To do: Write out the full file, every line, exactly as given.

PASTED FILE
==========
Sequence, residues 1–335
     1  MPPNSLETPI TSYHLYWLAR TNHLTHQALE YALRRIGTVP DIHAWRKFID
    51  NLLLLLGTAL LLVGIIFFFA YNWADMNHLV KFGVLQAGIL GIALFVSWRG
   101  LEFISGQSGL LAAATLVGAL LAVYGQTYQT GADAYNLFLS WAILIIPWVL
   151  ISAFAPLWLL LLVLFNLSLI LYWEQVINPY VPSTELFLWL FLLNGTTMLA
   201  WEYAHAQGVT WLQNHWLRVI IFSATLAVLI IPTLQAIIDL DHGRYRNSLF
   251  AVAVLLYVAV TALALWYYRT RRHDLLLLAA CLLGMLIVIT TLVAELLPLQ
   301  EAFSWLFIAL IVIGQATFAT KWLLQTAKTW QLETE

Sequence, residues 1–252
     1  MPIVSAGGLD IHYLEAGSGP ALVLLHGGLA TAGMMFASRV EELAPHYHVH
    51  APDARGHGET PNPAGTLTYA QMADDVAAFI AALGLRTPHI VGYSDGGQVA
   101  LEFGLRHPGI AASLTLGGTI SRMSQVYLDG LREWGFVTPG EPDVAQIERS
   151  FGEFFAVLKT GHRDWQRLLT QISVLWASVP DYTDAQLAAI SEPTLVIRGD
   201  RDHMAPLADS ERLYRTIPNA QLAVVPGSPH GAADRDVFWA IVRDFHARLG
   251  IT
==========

Sequence, residues 1–335
     1  MPPNSLETPI TSYHLYWLAR TNHLTHQALE YALRRIGTVP DIHAWRKFID
    51  NLLLLLGTAL LLVGIIFFFA YNWADMNHLV KFGVLQAGIL GIALFVSWRG
   101  LEFISGQSGL LAAATLVGAL LAVYGQTYQT GADAYNLFLS WAILIIPWVL
   151  ISAFAPLWLL LLVLFNLSLI LYWEQVINPY VPSTELFLWL FLLNGTTMLA
   201  WEYAHAQGVT WLQNHWLRVI IFSATLAVLI IPTLQAIIDL DHGRYRNSLF
   251  AVAVLLYVAV TALALWYYRT RRHDLLLLAA CLLGMLIVIT TLVAELLPLQ
   301  EAFSWLFIAL IVIGQATFAT KWLLQTAKTW QLETE

Sequence, residues 1–252
     1  MPIVSAGGLD IHYLEAGSGP ALVLLHGGLA TAGMMFASRV EELAPHYHVH
    51  APDARGHGET PNPAGTLTYA QMADDVAAFI AALGLRTPHI VGYSDGGQVA
   101  LEFGLRHPGI AASLTLGGTI SRMSQVYLDG LREWGFVTPG EPDVAQIERS
   151  FGEFFAVLKT GHRDWQRLLT QISVLWASVP DYTDAQLAAI SEPTLVIRGD
   201  RDHMAPLADS ERLYRTIPNA QLAVVPGSPH GAADRDVFWA IVRDFHARLG
   251  IT